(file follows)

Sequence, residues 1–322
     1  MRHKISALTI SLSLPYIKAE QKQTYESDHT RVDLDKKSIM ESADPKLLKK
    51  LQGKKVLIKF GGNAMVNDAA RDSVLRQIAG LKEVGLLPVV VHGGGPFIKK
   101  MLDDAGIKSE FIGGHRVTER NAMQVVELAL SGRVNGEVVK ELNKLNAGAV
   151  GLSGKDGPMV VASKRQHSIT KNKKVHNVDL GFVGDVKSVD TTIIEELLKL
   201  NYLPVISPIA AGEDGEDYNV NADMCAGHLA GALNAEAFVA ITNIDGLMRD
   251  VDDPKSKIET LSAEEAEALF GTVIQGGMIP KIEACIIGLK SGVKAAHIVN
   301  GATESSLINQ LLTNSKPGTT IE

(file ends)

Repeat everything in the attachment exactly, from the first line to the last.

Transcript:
Sequence, residues 1–322
     1  MRHKISALTI SLSLPYIKAE QKQTYESDHT RVDLDKKSIM ESADPKLLKK
    51  LQGKKVLIKF GGNAMVNDAA RDSVLRQIAG LKEVGLLPVV VHGGGPFIKK
   101  MLDDAGIKSE FIGGHRVTER NAMQVVELAL SGRVNGEVVK ELNKLNAGAV
   151  GLSGKDGPMV VASKRQHSIT KNKKVHNVDL GFVGDVKSVD TTIIEELLKL
   201  NYLPVISPIA AGEDGEDYNV NADMCAGHLA GALNAEAFVA ITNIDGLMRD
   251  VDDPKSKIET LSAEEAEALF GTVIQGGMIP KIEACIIGLK SGVKAAHIVN
   301  GATESSLINQ LLTNSKPGTT IE